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Russia: Moscow's New Nuclear Strategy

(AFP) Nuclear power occupies a special place in Russian President Vladimir Putin's national energy strategy, which was unveiled in December 2005. At that meeting, Putin told the country's Security Council that Russia has "competitive, natural, and technological advantages" and must become an "energy superpower" to regain political leadership in the world. Putin stressed that, while today Russia exports mainly hydrocarbons, it should develop nuclear, hydrogen, and other alternative sources of energy.

Speaking at a Kremlin press conference on 31 January, Putin said that the share of nuclear energy generation should increase from the current 16-17 percent to 25 percent by 2030. The Russian president emphasized the research and development of so-called fast breeder reactors (FBR), which produce more fissile material than they consume. On 30 January, Sergei Kiriyenko, the head of the Federal Atomic Energy Agency, or RosAtom, announced that Russia would build in the next 15 years up to 40 new reactors just for domestic use at a cost of $60 billion.

Ambitious Plans

Russia's nuclear plans were formulated in a document drafted in December 2005 by the Moscow-based, pro-Kremlin World Development Institute. According to the institute's director, Yury Krupnov, Russia's Asian neighbors plan to increase their nuclear power output in the next 15 years. The report predicted that China is reportedly planning on building up to 30 new reactors, while India, Iran, South Korea, and potentially Indonesia are planning on increasing their nuclear-power capacity tenfold. That, Krupnov argued, gives Russia the opportunity to sell its FBRs on the Asian market.

Russia has already begun negotiating with Ukraine and Kazakhstan to restore a shared nuclear infrastructure that in Soviet times was supervised by the secretive Ministry of Medium Machine Building (Minsredmash), Prime-TASS reported.

New Energy Commission

The newly inaugurated Energy Commission will preside over the implementation of Russia's energy doctrine. The commission, chaired by Prime Minister Mikhail Fradkov, brings together high-ranking cabinet officials, business leaders, and energy lobbyists, including the Industry and Energy Minister Viktor Khristenko, Gazprom head Aleksei Miller, Unified Energy Systems chief Anatoly Chubais, and Yury Bornikov, who leads the economic security services within the Federal Security Service. The only major oil company not to be included in the new body is TNK-BP, because "it is controlled by foreign capital," according to "Izvestia" on 26 December.

The commission will deal with the exploration and energy "colonization" of eastern Siberia and its continental shelf. It is also responsible for selecting routes for new pipelines as well as setting taxes for energy companies.

Enter Kiriyenko

In the center of Putin's atomic energy ambitions is Kiriyenko, who was appointed to head RosAtom last November. Kiriyenko has been tasked with revitalizing Russia's decaying nuclear power industry, in particular ridding it of its rampant corruption.

The Leningrad nuclear power plant (TASS file photo)

Allegations of pervasive corruption go all the way to the top. Yevgeny Adamov, the Russian atomic energy minister between 1998 and 2001, was arrested in May 2005 in Switzerland for allegedly diverting up to $9 million of U.S. funds earmarked to improve Russian nuclear safety into personal projects in the United States, Ukraine, and Russia. Adamov was extradited in December 2005 to Russia, where he is also indicted him on charges of embezzling $17 million of Russian state funds.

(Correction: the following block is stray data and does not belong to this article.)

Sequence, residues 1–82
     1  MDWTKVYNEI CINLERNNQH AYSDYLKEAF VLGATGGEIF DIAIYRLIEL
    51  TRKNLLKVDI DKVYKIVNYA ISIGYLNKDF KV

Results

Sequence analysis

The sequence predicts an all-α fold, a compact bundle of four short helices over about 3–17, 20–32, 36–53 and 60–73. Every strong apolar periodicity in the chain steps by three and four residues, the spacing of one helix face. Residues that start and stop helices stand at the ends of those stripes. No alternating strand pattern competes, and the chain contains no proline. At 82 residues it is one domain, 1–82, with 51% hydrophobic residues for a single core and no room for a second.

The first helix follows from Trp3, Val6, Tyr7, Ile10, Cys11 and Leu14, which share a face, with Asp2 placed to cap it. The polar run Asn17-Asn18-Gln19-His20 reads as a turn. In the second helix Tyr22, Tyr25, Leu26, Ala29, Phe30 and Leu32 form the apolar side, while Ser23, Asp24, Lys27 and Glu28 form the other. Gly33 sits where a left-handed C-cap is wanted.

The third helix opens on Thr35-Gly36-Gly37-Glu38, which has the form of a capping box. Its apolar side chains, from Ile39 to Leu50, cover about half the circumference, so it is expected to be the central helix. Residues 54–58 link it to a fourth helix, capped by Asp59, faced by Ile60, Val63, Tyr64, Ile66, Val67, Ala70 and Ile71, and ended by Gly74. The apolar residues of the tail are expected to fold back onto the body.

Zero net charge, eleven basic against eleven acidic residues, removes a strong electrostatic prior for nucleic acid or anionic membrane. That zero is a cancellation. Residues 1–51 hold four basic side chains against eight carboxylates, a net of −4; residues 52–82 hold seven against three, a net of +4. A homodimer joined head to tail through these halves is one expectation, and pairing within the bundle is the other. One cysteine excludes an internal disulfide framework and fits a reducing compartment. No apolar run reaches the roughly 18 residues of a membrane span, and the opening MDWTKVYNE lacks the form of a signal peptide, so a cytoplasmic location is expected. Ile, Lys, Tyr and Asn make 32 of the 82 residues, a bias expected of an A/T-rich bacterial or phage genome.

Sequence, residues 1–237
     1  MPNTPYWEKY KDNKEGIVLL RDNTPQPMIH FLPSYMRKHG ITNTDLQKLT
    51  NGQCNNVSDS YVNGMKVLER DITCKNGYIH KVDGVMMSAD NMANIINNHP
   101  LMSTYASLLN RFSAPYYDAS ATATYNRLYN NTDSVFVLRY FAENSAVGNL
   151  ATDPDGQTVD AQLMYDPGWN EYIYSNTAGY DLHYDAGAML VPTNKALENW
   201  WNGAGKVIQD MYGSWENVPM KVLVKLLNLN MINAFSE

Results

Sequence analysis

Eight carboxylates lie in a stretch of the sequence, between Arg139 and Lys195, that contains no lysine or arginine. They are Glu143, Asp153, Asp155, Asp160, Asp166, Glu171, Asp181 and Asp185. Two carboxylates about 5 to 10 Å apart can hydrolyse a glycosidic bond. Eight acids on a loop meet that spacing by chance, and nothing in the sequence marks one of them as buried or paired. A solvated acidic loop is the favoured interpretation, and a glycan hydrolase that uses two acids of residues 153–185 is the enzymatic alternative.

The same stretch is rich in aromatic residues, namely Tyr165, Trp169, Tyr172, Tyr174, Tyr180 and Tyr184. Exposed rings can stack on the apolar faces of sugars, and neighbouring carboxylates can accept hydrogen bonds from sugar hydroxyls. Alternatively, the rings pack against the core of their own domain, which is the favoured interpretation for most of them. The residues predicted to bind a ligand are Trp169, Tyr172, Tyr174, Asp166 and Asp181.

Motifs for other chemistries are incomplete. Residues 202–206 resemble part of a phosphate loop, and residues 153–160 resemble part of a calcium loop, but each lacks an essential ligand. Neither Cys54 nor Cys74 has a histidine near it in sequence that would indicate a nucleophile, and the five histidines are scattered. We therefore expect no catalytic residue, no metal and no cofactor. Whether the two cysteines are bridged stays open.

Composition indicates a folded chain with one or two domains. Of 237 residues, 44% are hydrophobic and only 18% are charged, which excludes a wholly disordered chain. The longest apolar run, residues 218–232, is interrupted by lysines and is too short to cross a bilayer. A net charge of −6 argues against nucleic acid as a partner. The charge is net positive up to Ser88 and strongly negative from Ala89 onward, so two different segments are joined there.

Putin has also entrusted Kiriyenko, who previously was the presidential envoy to the Volga Federal District, with leading negotiations with Iran about the construction of a joint uranium-enrichment facility in Russia. And since his appointment, Kiriyenko has announced that RosAtom should not be privatized, but remain in state hands.

Most Russians, however, remember Kiriyenko for his brief term as prime minister in 1998, when Russia experienced its financial meltdown. Reflecting on this, a 4 February article on the nuclear scientists' website stated: "It was as easy to believe that communism will be built by 1980, as it was promised [by Soviet leader Nikita Khrushchev], as it is to believe that 40 new nuclear power stations will be built and Russia will become an energy superpower." Indeed, a lot of imagination may be needed to believe that Russia, which has built only eight nuclear reactors in the last 15 years, can increase this number fivefold in the next 15 years.

Russia's Nuclear Power Sector

Russia's Nuclear Power Sector

Click on the map to view the locations of Russia's civilian nuclear power plants.

POWER OF THE ATOM: As Russia's economy recovers from the collapse of the 1990s, the government is moving forward with plans to expand its nuclear-energy sector. Russia currently has 31 civilian nuclear-power reactors in operation, with the newest being Kalinin-3, which came on line in 2004. Nuclear power accounts for 16 percent of Russia's total power generation. Three additional reactors are currently under construction.

Many of Russia's reactors are quite old. In 2000, the government announced plans to extend the working lifetime of 12 first-generation reactors. So far, seven of these reactors have been upgraded for 15-year extensions and all 12 of them are expected to be replaced by 2020.

Russia controls about 4 percent of the world's known uranium deposits, producing some 2,900 tons of uranium in 2002. Russia has four operating uranium-enrichment plants, the largest of which is located at Novouralsk near Yekaterinburg.

The government has not yet approved a proposal for a permanent nuclear-waste storage facility on the Kola Peninsula.